How you talk to yourself can either uplift you and help you achieve your goals or drag you down and make everything more difficult. It’s important to teach children the power of positive self-talk early on. Positive self-talk can help many, and is particularly useful for young athletes.
You’ve probably heard the old expression, “get your head in the game,” and for good reason. If you’re not on top of your physical and mental game, you’re not going to improve. Young athletes need to develop mental toughness as well as physical skills to do the best they can at their chosen sport.
Here are some ways to teach your young athlete how to practice positive self-talk.
Choose Friends Wisely
We all know someone who is a perpetual pessimist. Negativity is contagious. Teach your children to choose their circles wisely and avoid people who are consistently negative. Fortunately, positivity is also contagious, so your child can help learn positive self-talk by surrounding him or herself with optimistic, positive people.
Teach your child to think of three things he or she is grateful for every day. According to a study in Psychology Today, “Young adults assigned to keep gratitude journals showed greater increases in determination, attention, enthusiasm and energy compared to the other groups.” Talk as a family about what you’re thankful for and model this practice for your children.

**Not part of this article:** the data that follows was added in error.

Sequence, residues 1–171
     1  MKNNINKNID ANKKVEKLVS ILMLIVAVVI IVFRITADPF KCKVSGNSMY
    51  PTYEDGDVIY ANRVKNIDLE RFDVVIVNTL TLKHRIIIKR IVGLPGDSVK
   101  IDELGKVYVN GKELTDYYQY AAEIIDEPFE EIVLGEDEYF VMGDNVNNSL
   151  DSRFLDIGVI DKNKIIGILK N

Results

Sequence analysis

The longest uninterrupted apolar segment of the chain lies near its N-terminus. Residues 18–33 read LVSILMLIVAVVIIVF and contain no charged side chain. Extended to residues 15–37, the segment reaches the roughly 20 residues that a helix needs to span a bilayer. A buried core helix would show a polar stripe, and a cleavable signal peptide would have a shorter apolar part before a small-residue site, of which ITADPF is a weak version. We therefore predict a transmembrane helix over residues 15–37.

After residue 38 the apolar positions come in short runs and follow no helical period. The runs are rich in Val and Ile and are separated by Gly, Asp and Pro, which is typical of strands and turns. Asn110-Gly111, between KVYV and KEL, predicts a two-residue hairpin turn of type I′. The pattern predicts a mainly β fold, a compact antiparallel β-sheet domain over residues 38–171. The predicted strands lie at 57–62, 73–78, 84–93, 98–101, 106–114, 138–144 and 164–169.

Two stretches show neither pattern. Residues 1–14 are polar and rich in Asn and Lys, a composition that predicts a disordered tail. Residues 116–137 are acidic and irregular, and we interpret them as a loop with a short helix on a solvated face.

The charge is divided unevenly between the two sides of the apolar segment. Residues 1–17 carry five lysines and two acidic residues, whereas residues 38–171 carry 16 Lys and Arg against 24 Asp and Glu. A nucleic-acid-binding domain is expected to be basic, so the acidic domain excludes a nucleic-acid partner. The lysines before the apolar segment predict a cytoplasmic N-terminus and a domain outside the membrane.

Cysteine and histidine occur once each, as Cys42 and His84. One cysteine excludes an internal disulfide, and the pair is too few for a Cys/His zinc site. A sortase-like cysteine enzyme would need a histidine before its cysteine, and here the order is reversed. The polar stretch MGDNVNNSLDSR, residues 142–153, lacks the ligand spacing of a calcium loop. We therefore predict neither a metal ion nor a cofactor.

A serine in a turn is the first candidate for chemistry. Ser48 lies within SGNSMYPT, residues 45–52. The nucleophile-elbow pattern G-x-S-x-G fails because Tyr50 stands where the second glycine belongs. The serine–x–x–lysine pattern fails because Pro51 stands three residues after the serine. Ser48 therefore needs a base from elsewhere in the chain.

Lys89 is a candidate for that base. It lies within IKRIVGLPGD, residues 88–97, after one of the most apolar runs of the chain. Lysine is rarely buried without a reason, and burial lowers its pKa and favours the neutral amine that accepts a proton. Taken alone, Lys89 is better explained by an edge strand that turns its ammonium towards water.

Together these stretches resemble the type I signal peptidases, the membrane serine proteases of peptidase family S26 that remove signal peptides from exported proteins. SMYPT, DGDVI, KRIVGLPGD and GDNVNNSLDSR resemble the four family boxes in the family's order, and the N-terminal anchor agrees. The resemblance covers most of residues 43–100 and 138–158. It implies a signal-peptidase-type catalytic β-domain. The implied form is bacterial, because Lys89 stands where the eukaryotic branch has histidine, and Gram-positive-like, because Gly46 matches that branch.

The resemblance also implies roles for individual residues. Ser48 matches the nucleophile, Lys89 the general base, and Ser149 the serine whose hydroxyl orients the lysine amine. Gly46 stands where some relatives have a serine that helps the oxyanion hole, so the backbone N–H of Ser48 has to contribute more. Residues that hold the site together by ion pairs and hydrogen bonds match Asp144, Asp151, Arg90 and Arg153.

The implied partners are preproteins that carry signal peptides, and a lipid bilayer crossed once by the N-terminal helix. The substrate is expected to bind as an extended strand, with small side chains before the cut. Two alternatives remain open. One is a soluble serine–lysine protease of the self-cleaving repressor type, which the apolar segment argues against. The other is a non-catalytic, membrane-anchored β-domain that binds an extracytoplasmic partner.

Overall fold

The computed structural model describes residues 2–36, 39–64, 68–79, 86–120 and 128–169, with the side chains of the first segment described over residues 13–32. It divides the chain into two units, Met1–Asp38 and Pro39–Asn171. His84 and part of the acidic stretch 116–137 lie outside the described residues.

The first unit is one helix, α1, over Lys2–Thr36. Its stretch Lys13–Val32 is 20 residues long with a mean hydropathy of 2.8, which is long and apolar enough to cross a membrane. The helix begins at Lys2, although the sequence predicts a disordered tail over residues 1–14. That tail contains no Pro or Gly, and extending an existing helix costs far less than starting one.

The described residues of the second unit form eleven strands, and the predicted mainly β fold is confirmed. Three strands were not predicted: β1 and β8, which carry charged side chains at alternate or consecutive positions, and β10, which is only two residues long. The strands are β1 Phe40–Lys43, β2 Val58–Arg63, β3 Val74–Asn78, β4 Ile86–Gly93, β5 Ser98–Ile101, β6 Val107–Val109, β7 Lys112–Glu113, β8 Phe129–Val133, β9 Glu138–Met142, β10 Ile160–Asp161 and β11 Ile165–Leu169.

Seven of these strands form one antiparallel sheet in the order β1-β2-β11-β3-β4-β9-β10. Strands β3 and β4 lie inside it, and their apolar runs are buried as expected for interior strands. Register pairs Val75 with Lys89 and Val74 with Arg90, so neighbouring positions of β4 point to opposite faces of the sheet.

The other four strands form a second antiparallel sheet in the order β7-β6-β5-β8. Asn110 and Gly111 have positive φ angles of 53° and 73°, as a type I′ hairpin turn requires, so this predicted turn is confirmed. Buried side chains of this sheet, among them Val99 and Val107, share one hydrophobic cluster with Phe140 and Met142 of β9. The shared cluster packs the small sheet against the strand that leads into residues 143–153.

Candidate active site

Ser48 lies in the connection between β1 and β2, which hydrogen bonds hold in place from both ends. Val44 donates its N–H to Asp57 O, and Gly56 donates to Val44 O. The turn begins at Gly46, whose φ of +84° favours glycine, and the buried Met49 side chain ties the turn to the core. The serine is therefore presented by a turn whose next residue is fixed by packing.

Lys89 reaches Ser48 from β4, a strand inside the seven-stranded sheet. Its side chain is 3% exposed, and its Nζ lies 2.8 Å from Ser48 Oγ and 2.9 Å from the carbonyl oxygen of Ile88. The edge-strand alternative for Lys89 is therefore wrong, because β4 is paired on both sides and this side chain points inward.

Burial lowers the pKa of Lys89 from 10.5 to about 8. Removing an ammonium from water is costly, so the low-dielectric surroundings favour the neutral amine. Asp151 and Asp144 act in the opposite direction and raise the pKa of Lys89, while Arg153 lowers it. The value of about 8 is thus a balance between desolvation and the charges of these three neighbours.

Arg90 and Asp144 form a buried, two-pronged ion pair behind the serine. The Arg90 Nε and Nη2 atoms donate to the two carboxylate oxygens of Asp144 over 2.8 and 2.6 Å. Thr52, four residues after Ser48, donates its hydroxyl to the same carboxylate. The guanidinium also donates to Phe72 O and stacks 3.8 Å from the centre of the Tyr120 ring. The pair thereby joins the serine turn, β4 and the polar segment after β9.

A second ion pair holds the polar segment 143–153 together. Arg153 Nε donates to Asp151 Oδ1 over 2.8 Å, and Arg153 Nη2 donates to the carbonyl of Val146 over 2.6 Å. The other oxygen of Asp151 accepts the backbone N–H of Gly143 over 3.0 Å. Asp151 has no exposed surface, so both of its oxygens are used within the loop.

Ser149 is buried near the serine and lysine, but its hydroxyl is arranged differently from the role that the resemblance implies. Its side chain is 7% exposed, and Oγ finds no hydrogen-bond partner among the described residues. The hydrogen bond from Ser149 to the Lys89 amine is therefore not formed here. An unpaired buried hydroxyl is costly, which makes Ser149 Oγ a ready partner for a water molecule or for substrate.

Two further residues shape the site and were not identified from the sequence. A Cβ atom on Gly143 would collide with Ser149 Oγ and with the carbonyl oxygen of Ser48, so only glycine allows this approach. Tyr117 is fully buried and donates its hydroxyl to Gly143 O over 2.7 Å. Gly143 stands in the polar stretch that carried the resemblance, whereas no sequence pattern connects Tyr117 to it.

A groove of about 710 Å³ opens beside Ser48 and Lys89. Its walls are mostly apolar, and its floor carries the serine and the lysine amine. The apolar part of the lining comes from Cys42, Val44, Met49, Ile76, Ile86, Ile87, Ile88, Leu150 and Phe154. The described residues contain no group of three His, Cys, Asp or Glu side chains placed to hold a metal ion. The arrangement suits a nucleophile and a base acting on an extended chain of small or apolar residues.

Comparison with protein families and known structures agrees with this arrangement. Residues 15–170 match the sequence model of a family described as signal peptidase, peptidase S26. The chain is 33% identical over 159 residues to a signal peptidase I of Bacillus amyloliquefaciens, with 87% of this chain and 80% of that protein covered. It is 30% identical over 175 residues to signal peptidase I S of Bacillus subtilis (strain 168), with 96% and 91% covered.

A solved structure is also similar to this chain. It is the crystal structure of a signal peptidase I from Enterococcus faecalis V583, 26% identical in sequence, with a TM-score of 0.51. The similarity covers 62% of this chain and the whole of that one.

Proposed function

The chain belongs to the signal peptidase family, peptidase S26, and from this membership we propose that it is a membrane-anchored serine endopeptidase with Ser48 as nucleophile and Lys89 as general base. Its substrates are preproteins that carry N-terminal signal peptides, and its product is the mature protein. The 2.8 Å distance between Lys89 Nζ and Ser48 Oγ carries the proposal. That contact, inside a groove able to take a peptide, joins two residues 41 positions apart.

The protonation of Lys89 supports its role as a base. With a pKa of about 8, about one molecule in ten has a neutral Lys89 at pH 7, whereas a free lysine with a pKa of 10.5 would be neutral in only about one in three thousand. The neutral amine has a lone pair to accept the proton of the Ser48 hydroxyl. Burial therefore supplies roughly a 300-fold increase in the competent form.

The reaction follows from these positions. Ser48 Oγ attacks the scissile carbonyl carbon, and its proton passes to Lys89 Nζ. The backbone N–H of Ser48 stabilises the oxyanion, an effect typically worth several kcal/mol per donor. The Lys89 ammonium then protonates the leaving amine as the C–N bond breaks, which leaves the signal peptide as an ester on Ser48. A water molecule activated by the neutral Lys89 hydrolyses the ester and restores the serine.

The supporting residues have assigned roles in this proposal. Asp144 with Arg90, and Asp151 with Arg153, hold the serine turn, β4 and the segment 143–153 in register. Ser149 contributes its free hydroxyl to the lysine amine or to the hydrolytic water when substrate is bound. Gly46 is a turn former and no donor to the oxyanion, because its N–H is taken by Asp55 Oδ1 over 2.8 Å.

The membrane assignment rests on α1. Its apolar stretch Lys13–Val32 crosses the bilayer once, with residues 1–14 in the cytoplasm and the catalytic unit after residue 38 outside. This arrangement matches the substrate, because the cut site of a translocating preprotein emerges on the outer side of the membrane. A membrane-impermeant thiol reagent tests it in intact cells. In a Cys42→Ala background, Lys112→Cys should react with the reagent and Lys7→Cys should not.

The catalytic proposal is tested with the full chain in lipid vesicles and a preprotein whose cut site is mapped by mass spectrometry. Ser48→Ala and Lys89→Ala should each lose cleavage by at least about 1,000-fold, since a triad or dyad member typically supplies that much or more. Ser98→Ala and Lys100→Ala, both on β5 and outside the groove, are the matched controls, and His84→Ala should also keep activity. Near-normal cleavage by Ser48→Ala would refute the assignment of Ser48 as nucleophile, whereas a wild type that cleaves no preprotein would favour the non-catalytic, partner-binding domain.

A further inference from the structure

Flip the Script
Ask your child what kinds of things he or she thinks about on and off the field. If your child is in the habit of negative self-talk, you can help turn things around with a simple role-playing exercise.
Let’s say your child missed a goal in soccer. She is beating herself up about it by internally chastising herself. Have her pretend that a best friend made that same mistake in a game. Would she say the same things to her friend that she’s saying to herself? The chances are no, she would not be so negative with a friend.
Helping your child reframe negative thoughts this way can sometimes lend some perspective and encourage positive self-talk.
Make a List of Positive Affirmations Together
Like any new habit, positive self-talk can be tough to start. Your child may not know what to say to him or herself to get the ball rolling. Sit down with your child and ask where he or she struggles. Then make a list of positive, go-to affirmations that can rewire those negative thoughts. Here are some examples. You can write them on sticky notes and put them on the mirror or put them in a notebook for school as little reminders for your child to practice positive self-talk.
- I am intelligent.
- I am powerful.
- I make good choices.
- I am creative.
- I am lovable.
Make it a Family Activity
Kids pick up on what you say and often what you don’t say. If you aren’t also speaking to and about yourself positively, they will pick up on that. Put these positive self-talk practices in place for the whole family and make it a habit together.
Competitive Edge aims to develop the “complete athlete” using performance sports training in Woodbridge, VA and surrounding areas. Members are able to enhance their athletic performance and develop a competitive edge to excel in their desired sport.